“Engaging the Blogosphere” Conference
Saturday, February 28, 2009
In an industry that’s changing, it’s not only product that’s in flux, but the way in which the industry is promoted, marketed and reported upon that’s changing, as well. For the first time (outside of a phone conversation or over a “tall frosty one”) the Chicago Auto Show gave media, PR reps and manufacturers a chance to put a more formal face on the challenges of new media by producing its “Engaging the Blogosphere” conference.
Gene Cameron and Chance Parker of J.D. Power offered background data on car buyers’ love of shopping for their cars on the Net, saying that, “91 percent of buyers say they go to research vehicles” prior to purchase. Additionally, they said that more than 60 percent of dealers have engaged online quotes and information for customers.
They offered their positions on how dealers and the industry are changing their business models and practices to accommodate this ever-growing group, especially in how the industry is trying to figure out how to measure the effectiveness of blogs—both professional and hobbyist. Data they had compiled during the run-up for the Chevy Volt was used as an example of how blogs and social media have become meaningful part of the exposure a vehicle gets.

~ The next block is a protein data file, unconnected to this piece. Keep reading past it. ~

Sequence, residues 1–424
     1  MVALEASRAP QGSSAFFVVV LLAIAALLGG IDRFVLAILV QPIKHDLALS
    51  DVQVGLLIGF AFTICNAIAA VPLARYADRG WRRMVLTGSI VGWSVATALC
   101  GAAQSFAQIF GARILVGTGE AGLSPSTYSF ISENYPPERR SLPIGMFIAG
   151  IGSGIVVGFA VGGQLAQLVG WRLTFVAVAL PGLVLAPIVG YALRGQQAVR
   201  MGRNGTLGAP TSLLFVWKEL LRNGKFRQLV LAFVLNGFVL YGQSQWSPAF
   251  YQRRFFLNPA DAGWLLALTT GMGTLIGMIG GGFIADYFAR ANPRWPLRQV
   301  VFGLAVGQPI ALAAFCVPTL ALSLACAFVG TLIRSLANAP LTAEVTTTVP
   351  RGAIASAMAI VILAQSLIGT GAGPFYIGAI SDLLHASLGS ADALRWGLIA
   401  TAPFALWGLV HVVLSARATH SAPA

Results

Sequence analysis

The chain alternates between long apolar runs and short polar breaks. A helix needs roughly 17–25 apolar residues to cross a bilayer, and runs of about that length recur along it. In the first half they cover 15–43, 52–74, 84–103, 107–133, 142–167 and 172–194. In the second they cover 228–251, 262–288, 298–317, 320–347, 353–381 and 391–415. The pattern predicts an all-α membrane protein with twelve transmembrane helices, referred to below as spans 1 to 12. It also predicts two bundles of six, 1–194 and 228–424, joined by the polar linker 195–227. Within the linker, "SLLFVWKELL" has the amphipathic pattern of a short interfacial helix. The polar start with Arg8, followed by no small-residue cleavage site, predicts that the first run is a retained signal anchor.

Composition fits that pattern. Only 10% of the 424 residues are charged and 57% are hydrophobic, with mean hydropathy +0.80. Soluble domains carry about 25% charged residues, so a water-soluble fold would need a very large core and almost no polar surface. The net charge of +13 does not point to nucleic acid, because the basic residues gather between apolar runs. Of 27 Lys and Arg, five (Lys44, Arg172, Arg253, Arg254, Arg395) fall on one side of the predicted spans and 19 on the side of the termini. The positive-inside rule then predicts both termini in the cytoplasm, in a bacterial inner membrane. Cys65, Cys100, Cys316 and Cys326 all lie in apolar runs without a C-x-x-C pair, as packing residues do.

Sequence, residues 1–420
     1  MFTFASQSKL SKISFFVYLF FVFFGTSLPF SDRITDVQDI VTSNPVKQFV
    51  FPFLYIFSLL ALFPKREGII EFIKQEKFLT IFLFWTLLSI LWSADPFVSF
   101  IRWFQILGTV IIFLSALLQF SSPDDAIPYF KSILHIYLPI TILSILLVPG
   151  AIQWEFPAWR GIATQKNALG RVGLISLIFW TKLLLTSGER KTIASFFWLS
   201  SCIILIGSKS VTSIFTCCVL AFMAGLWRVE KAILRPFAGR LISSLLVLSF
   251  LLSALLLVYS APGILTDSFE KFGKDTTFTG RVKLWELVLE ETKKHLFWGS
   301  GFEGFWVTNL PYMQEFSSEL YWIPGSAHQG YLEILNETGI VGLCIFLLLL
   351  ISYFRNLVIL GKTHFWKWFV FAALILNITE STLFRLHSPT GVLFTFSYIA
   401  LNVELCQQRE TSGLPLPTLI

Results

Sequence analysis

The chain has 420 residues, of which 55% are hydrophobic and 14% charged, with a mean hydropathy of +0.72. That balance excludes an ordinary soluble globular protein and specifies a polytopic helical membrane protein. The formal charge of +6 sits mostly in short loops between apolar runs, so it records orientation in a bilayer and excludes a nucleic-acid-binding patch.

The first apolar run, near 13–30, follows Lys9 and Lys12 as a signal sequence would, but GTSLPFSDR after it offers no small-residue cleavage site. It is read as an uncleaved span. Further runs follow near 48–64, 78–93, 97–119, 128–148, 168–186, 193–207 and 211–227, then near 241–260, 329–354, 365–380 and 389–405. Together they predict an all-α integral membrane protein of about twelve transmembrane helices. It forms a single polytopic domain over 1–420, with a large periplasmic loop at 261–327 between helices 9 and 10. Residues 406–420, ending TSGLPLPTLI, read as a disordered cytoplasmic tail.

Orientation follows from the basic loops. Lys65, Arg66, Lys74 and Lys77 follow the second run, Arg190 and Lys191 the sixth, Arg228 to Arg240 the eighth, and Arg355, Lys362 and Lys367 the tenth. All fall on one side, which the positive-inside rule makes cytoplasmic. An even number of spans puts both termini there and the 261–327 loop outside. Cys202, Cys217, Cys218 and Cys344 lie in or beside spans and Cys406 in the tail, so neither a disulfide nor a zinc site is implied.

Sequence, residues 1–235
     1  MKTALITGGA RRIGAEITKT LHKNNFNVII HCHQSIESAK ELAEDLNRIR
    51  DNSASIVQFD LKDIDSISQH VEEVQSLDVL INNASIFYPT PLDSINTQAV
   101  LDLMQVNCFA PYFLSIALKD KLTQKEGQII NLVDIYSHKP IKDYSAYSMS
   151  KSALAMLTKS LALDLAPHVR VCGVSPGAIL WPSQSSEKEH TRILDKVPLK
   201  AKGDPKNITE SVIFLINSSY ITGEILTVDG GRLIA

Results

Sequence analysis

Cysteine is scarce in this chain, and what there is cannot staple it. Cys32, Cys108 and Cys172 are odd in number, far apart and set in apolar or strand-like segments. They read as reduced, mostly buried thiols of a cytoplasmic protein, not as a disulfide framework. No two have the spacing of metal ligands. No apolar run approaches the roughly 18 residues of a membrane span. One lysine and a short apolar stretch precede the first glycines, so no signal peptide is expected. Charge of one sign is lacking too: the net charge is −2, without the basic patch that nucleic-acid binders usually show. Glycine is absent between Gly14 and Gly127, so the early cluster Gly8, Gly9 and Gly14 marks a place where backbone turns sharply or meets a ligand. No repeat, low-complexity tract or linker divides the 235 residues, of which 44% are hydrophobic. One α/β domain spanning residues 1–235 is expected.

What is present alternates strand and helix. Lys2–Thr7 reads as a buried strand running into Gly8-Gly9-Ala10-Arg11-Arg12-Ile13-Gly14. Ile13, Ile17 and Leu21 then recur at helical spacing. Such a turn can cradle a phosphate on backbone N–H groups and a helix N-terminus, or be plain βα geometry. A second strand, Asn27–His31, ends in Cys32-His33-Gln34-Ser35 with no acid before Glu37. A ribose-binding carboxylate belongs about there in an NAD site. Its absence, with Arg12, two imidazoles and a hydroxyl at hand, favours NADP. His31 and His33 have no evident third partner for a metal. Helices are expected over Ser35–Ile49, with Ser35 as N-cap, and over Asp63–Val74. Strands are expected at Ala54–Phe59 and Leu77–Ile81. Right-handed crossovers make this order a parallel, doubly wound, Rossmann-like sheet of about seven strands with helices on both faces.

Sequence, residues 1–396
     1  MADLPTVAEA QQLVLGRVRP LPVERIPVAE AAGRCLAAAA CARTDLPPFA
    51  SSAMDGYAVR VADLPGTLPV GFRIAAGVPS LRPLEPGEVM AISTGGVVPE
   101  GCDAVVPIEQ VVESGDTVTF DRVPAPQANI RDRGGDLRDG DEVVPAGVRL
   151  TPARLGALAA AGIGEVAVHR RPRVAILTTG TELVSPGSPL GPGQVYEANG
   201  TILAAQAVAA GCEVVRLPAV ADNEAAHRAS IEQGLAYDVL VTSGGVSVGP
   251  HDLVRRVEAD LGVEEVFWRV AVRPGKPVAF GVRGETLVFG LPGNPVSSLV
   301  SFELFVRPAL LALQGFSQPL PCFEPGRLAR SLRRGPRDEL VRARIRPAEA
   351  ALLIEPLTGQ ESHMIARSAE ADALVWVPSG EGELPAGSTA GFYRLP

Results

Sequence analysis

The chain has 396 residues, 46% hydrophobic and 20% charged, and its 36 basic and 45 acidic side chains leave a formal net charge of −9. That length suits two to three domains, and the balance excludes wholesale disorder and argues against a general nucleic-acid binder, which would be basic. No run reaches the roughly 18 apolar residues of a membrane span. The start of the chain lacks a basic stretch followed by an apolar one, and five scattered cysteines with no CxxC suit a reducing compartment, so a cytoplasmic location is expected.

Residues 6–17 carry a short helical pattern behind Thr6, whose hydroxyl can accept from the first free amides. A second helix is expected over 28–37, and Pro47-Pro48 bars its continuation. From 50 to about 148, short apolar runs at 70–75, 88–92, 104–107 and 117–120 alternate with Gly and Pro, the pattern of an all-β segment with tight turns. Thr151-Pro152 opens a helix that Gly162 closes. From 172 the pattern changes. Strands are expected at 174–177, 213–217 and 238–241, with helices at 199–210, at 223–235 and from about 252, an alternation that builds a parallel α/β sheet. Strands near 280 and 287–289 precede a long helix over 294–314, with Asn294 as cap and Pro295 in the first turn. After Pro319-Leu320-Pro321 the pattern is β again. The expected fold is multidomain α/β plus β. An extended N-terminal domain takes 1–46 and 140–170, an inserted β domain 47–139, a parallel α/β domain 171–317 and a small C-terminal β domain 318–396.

Following the presentation, the changing face of media coverage was discussed—and at several points in great spirit—in a panel format. Conference panelists included Chevrolet Communications Director Terry Rhadigan; AutoWeek Editor/Associate Publisher Dutch Mandel; AutoBlog.com Editor-in-Chief John Neff; and KickingTires Editor David Thomas. All were kept in line—and lively—by the masterful moderation of Jason Vines.
Two breakout sessions followed. The first conducted by GolinHarris public relations social media expert Rick Wion, who discussed social media trends and effective communication strategies. The second group was directed by Google Automotive Industry Sales and Operations Manager Seth Barron, who discussed potential online revenue streams best characterized as, “How does someone make a buck at this?”
The conversations held in both breakout sessions demonstrated the need for further discussion about blogging and social media, and the necessity for both traditional and new media to peacefully coexist. From all quarters, what we’ve heard on the phones and read online, it’s apparent that the time allotted in Chicago might have been a bit short to accommodate the topic fully—but was very well received. Sounds like a reprise next February might be in order!